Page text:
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Constructor property promotion is a new PHP 8 convenience feature which helps you minimise code repetition. It lets you combine the definition and initialisation of properties into a single constructor statement.

A Traditional Class

Constructor property promotion (CPP from hereon) is most useful in the context of value objects. These tend to be simple classes which describe a data structure. Here’s what one might look like in PHP 7.4:

class BlogPost {
    protected string $Title;
    protected string $Content;
    protected DateTimeImmutable $PostedDate;
    public function __construct(
        string $Title,
        string $Content,
        DateTimeImmutable $PostedDate) {
        $this -> Title = $Title;
        $this -> Content = $Content;
        $this -> PostedDate = $PostedDate;

We’ve created a reasonably lengthy class, despite having only three properties! Each property name occurs four times, with the typehints being written twice. If you needed to amend one of the properties, or add another, you’d be touching three lines of code.

Adding Constructor Property Promotion

Here’s the same example, rewritten to use CPP in PHP 8:

class BlogPost {
    public function __construct(
        protected string $Title,
        protected string $Content,
        protected DateTimeImmutable $PostedDate) {}

By using CPP we’ve drastically cut the size of our class. You’d only need to add or alter one line of code when working with this class’ properties.

A Closer Look

CPP combines property definition with the constructor’s parameter list. To create a promoted property, prefix its name with a class visibility modifier – public, protected or private.

Once promoted, the property behaves like any other class property. You can access it within the class using $this -> Property or externally (if it’s a public property). Internally, PHP’s simply transforming the compact syntax into the much lengthier version supported by PHP 7.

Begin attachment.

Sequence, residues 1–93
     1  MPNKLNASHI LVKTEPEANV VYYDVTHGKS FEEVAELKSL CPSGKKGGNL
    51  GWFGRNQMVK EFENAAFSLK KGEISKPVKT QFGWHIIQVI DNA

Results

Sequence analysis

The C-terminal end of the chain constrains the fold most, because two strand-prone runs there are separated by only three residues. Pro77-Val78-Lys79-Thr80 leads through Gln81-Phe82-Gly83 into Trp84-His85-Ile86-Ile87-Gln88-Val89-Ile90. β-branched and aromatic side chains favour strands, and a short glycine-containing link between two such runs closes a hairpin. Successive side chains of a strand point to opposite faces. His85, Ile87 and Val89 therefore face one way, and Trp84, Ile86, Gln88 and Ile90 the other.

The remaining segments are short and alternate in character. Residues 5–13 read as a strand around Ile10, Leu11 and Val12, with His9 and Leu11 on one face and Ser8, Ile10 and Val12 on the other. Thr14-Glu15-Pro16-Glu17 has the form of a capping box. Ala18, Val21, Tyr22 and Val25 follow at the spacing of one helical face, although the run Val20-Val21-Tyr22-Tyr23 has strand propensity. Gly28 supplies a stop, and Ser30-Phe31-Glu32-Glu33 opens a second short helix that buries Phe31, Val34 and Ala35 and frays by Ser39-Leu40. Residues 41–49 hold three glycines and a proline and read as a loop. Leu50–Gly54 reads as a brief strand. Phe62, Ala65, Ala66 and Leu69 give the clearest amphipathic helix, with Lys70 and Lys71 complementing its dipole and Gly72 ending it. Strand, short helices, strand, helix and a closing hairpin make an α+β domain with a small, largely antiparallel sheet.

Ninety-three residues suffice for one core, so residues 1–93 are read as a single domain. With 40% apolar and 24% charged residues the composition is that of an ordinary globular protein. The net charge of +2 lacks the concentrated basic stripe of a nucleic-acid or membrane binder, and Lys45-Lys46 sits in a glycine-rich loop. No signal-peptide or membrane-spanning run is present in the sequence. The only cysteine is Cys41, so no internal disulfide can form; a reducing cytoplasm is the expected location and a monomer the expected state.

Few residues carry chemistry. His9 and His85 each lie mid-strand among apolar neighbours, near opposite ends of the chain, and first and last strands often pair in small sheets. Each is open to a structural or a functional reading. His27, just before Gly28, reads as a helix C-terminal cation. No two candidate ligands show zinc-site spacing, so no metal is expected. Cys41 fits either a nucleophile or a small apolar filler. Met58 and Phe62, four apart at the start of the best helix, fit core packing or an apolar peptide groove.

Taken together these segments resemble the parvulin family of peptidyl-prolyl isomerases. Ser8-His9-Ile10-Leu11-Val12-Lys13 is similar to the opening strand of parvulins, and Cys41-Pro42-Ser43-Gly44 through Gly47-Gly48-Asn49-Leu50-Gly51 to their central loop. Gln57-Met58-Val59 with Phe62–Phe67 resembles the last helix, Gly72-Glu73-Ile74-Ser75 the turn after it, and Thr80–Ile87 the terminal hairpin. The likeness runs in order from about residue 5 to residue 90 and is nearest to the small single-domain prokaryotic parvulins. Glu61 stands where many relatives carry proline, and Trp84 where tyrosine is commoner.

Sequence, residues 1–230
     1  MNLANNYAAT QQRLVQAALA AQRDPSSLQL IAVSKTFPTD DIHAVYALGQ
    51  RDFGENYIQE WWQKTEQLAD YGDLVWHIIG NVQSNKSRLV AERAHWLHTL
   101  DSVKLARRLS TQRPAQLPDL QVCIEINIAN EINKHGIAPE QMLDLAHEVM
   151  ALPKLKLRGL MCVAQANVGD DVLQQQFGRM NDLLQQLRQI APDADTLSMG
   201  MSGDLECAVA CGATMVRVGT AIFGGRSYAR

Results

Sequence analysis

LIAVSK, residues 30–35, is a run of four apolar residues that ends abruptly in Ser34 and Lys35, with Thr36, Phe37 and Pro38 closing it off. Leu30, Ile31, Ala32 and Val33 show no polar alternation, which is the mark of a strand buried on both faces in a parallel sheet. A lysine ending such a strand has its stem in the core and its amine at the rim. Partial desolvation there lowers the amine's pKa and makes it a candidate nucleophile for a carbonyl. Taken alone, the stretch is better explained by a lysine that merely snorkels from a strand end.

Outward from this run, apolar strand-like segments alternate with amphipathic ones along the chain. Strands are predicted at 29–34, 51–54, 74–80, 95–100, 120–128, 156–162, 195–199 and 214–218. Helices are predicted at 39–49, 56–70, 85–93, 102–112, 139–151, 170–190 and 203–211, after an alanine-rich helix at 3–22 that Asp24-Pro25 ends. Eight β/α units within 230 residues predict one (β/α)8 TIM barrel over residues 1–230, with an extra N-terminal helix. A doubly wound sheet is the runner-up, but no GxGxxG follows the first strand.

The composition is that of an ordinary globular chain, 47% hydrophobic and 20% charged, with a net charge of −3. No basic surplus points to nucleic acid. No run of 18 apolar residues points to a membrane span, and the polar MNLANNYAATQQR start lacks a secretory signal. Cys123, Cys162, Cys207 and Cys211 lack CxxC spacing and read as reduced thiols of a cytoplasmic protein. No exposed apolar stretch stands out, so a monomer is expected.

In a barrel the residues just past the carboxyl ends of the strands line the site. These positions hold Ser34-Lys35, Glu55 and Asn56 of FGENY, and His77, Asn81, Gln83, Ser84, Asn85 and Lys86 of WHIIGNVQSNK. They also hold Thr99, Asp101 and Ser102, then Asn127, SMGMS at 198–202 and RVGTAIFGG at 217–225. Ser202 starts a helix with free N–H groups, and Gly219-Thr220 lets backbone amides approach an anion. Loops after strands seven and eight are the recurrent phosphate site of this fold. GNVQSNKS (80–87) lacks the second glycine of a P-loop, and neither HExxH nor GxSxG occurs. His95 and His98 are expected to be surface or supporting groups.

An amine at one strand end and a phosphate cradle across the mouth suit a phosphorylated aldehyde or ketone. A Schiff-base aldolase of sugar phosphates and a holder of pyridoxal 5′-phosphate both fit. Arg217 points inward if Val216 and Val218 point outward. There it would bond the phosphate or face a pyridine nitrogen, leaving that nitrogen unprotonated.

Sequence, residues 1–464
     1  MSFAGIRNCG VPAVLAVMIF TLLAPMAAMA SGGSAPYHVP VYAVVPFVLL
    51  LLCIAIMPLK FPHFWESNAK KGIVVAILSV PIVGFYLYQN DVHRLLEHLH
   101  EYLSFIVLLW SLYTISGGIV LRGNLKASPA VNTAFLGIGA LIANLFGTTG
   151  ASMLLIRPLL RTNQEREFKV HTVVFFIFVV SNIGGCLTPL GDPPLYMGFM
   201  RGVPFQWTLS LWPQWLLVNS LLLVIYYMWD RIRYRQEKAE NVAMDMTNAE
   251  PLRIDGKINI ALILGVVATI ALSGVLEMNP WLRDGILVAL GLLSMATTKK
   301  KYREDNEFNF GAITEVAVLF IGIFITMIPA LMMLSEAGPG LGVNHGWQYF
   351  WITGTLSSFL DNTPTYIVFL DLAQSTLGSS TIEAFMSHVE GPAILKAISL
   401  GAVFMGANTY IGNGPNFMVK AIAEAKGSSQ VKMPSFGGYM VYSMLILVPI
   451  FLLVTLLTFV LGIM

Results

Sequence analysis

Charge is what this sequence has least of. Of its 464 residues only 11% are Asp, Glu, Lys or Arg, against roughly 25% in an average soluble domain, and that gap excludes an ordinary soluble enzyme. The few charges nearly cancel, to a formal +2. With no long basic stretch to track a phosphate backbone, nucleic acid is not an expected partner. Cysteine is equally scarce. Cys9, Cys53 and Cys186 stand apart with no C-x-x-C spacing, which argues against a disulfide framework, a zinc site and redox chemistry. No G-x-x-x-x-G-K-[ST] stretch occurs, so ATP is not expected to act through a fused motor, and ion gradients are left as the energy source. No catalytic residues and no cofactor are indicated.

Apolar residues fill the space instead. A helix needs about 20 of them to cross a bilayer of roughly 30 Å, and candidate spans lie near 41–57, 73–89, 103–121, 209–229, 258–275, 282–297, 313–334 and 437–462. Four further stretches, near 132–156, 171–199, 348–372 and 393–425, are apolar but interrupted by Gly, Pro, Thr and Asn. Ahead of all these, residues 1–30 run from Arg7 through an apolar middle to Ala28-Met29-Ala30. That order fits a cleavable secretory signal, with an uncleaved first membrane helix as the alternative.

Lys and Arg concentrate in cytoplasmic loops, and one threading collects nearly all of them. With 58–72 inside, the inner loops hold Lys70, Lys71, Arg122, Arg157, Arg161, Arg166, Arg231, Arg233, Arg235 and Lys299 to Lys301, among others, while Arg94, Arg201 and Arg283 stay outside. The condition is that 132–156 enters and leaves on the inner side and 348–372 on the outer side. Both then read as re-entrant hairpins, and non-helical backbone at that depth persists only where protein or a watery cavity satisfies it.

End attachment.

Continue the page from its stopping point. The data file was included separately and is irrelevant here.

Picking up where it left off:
You don’t have to use typehints with promoted properties – it’s acceptable to write protected $Title, for example. You can set default values using the same syntax as a regular constructor parameter (protected string $Title = "Example Post").

Using With a Constructor Body

Your constructor won’t always be quite as simple as our example. You might need to perform some validation checks or transform a value.

You can still write a constructor body when using CPP. You’ll be able to access the values of your promoted properties either as the promoted instance variable or using the local variable:

public function __construct(protected string $Title) {
    if (!$this -> Title) {
        throw new InvalidArgumentException("Title cannot be empty.");
    // OR
    if (!$Title) {
        throw new InvalidArgumentException("Title cannot be empty.");

Whichever approach you choose, the variable or the property, you’ll be working with the same value. PHP simply hides the $this -> Title = $Title line you’d normally be writing manually.

Combining with Regular Properties and Parameters

You can freely mix promoted properties with regular property definitions. In addition, you can combine promoted and non-promoted properties in your constructor parameters.

class BlogPost {
    public ?DateTimeImmutable $PostedDate = null;
    public function __construct(public string $Title, bool $isPosted=true) {